One of the most challenging things about owning chickens is simply restraining yourself from getting more. Even for keepers who have the most utilitarian purposes for their birds, chickens just have a way of getting a hold of you.
Pretty soon you find yourself buying birds on a whim or for reasons that you never would have anticipated.
Let’s take plumage, for instance. If you are anything like me and I know you are, chances are you’ve gotten so smitten with birds of a certain color before that you go on a buying frenzy.
Before you know it you have an entirely new flock on your property. Speaking of colors, some of the most popular chickens today are yellow.
If you’ve got a mind to find a fancy yellow bird to add to your growing family, I’ve got 13 breeds that are sure to scratch the itch.
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Yellow? Or Buff?
Really quick, to clarify for folks who are new to chickens generally, you might be confused by some of the terms you see referring to the color of a chicken’s plumage…
Specifically, the color that you, I, and pretty much everyone else call yellow is referred to as buff when referring to chickens.
No, it doesn’t mean that a chicken is particularly muscular and it isn’t referring to polishing or nakedness, either. “Buff” just means yellow or blonde feathers!
So whenever you see that referenced in a chicken’s name, now you will know!
1. Easter Egger
A clue to the special characteristic of the Easter Egger is in the name: these chickens lay a variety of colored eggs, typically speckled shades of blue.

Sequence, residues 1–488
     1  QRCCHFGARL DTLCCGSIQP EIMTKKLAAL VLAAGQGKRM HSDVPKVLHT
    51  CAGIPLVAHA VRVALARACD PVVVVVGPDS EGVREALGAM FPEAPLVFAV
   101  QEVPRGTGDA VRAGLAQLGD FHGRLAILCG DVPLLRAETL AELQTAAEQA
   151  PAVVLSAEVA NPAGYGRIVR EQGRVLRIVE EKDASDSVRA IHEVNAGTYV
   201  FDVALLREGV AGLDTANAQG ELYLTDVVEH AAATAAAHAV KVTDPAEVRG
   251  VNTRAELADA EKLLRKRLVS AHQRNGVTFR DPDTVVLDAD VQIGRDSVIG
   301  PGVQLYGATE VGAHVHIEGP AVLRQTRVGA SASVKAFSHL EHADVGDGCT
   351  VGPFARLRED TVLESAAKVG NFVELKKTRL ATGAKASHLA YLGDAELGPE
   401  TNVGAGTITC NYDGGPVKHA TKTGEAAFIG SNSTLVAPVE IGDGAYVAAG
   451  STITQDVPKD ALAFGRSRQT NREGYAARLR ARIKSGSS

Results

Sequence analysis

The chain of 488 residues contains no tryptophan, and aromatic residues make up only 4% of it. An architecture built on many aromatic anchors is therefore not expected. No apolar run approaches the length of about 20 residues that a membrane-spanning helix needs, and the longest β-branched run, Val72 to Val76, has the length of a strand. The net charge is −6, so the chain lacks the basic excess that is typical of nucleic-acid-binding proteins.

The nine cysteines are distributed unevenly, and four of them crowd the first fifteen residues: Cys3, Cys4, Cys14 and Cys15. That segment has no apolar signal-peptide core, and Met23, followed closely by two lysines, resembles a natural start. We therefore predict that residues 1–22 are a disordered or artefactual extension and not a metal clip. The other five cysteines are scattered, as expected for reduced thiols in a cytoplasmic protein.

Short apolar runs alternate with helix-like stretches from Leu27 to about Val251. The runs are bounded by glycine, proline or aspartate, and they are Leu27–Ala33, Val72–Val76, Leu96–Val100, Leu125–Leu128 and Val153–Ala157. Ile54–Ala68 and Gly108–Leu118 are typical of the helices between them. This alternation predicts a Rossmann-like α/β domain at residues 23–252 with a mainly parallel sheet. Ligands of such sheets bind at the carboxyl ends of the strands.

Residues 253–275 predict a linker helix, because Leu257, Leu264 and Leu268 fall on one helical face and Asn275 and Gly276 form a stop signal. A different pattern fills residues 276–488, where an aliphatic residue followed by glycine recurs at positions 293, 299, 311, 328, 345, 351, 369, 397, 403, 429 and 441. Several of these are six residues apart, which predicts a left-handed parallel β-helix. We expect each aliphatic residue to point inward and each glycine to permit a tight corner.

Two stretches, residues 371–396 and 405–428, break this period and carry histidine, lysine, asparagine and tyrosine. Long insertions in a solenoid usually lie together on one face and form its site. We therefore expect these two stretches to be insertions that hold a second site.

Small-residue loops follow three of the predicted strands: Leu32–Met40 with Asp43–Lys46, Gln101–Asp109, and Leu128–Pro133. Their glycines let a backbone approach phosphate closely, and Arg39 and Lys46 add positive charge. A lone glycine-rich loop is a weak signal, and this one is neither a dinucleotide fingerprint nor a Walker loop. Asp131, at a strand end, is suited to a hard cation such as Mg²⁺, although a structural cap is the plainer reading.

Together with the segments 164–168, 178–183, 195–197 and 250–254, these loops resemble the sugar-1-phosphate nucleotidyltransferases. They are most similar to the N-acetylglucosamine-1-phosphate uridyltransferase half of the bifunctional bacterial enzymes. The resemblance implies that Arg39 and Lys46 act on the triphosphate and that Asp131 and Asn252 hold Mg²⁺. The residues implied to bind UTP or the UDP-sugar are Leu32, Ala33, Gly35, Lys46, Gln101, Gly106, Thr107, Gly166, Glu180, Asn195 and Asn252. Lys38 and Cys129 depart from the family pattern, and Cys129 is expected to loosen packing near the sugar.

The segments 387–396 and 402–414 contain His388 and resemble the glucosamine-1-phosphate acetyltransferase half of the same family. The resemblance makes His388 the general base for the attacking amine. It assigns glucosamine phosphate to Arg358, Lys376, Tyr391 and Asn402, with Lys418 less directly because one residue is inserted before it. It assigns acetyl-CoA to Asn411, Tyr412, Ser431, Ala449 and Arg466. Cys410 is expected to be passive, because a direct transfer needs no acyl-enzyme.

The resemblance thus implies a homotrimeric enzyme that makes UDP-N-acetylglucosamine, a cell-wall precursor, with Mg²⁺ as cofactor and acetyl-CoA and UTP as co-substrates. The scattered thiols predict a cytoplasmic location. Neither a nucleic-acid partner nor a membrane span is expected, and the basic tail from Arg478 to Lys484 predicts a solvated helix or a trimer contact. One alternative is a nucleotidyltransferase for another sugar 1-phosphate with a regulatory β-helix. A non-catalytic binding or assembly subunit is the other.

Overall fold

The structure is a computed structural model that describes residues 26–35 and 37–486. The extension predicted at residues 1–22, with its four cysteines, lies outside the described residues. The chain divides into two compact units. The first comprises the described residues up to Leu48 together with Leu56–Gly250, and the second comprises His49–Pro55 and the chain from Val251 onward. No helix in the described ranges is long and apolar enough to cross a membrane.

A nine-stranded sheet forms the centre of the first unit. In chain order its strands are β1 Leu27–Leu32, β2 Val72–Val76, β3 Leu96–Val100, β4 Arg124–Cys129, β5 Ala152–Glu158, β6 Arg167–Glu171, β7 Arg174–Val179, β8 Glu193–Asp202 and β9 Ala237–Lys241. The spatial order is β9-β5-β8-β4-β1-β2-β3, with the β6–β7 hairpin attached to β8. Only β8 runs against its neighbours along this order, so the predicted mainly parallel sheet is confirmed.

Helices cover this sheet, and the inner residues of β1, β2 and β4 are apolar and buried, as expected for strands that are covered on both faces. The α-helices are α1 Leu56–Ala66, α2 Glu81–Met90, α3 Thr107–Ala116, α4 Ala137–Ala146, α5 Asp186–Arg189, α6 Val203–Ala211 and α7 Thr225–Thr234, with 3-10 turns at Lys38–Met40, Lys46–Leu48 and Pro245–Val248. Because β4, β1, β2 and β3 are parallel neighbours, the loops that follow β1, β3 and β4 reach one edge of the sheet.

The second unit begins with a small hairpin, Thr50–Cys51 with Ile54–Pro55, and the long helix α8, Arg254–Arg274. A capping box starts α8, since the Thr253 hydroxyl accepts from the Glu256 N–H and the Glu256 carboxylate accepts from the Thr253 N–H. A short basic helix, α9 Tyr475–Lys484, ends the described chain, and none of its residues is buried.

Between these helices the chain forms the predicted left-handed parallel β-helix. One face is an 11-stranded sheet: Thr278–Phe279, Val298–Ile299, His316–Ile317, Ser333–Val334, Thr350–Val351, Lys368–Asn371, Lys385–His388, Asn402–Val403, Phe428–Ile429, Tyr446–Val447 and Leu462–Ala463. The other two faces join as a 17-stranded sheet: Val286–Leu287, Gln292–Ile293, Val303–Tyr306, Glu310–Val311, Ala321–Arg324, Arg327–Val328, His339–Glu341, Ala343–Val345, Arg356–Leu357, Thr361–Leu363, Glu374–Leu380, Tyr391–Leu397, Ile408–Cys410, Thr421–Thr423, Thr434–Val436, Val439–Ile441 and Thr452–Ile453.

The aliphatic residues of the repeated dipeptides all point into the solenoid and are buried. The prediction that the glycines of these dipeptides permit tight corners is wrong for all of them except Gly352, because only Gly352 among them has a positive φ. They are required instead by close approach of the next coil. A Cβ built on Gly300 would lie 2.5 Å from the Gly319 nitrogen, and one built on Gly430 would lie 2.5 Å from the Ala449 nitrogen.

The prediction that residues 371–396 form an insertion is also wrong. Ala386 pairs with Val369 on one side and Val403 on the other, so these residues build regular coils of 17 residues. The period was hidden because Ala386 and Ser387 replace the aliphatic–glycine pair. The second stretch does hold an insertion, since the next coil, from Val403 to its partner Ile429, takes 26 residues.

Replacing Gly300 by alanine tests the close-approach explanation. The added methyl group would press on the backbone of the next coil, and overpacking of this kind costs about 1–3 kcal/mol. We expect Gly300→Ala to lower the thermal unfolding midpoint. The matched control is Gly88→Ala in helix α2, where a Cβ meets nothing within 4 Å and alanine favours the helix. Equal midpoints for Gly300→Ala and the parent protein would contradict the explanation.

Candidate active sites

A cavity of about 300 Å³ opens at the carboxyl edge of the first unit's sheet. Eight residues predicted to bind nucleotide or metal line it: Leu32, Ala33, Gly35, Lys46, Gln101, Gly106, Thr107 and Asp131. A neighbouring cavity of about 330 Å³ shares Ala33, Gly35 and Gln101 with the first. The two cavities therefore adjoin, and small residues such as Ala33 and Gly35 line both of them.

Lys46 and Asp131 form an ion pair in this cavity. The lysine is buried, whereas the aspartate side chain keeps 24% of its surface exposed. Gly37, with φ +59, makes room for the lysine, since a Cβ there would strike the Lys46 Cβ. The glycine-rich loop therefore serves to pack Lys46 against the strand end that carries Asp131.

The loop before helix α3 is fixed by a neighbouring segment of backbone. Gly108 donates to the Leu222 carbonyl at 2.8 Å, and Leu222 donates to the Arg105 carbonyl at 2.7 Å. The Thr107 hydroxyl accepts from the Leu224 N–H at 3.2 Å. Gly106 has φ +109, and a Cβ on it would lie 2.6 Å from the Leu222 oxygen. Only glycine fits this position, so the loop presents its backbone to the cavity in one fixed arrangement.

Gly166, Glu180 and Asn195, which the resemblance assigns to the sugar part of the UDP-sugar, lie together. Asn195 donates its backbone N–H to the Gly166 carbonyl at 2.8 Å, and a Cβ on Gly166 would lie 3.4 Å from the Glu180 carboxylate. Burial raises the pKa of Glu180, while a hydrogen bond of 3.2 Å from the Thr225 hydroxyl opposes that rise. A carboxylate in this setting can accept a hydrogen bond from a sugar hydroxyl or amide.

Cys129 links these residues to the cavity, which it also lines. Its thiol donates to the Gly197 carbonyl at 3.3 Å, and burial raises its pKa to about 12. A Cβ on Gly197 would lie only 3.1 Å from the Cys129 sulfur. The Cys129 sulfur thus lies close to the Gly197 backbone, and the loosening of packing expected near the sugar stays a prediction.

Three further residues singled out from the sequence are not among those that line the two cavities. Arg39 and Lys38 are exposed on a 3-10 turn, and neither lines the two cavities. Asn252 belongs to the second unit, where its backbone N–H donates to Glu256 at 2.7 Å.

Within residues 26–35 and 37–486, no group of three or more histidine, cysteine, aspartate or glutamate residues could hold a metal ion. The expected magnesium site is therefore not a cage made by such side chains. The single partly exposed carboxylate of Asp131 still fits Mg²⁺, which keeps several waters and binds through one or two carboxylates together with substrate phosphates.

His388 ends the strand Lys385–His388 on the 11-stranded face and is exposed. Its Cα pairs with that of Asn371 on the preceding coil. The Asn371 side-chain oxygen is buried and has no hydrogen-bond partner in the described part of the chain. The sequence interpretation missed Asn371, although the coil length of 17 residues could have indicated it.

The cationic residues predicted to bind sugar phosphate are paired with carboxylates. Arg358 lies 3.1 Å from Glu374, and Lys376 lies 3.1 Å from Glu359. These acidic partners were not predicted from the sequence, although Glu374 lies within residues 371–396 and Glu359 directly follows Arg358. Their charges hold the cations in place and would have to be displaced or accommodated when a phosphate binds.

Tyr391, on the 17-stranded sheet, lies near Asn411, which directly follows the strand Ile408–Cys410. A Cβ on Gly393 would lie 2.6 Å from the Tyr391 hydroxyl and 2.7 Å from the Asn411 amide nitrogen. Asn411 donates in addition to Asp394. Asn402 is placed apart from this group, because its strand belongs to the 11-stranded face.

You might say they look like Easter eggs, and that’s how they got the name in the first place!
Easter Eggers are available in a variety of buff plumage variations, but it is important to point out that the Easter Egger is not really a true breed of domestic chicken.
They are hybrids, of a sort, or more accurately any crossbreed that features a mix of chickens to produce a bird that will lay these colored eggs.
Purists might turn up their nose at these birds, especially because they aren’t the most handsome buff chicken on our list, but they are great layers that can crank out nearly 300 eggs a year! Very impressive!
Polish chickens are another instantly recognizable small breed, and one that’s famous for its dignity and lovely appearance.
Although they are small, these fine-bodied chickens that stand very upright and have a tuft, or crown, of fluffy feathers on their heads not unlike that of Silkies. They’re also notable for their dark blue or steel-colored legs.
Unlike the Silkie, the Polish is not a purely decorative showbird; they are surprisingly productive egg layers, and although they’re highly variable when it comes to production depending on their lineage, they will as a rule lay upwards of 200 medium-sized eggs per year.
Even better, they are dependably one of the least broody domestic breeds.
But, let’s talk about those beautiful buff feathers! Among the Polish breed, they are available in buff-laced, which is buff feathers that are bordered by white tips, giving them a distinctly modeled or scaled appearance that is truly gorgeous.
For looks alone, I think the buff-laced polish cannot be beaten!
One of the most remarkable and beloved chicken breeds around, the Orpington is rightly known for its extremely docile and friendly behavior.
They’re also known for cranking out a high volume of medium to large eggs, with good hens producing around 280 a year.
Orpingtons are also known to be exceptional mothers, meaning they go broody readily and intensively.
They are so broody, in fact, that there are routinely used as surrogate mothers for other eggs that need to be hatched, and their size means they are even capable of hatching duck and goose eggs.
The buff Orpington is probably the most popular and iconic of the breed, and makes regular appearances at poultry shows and in flocks around the world. No matter what your purposes, you won’t go wrong with an Orpington.
4. Golden Comet
The Golden Comet is a special instance on our list, and isn’t so much a breed unto itself as it is the resulting bird from a number of different pairings among various other breeds.
Typically created by breeding a Rhode Island Red and a White Leghorn, other potential parents to the Golden Comet include the New Hampshire Red and the Plymouth Rock.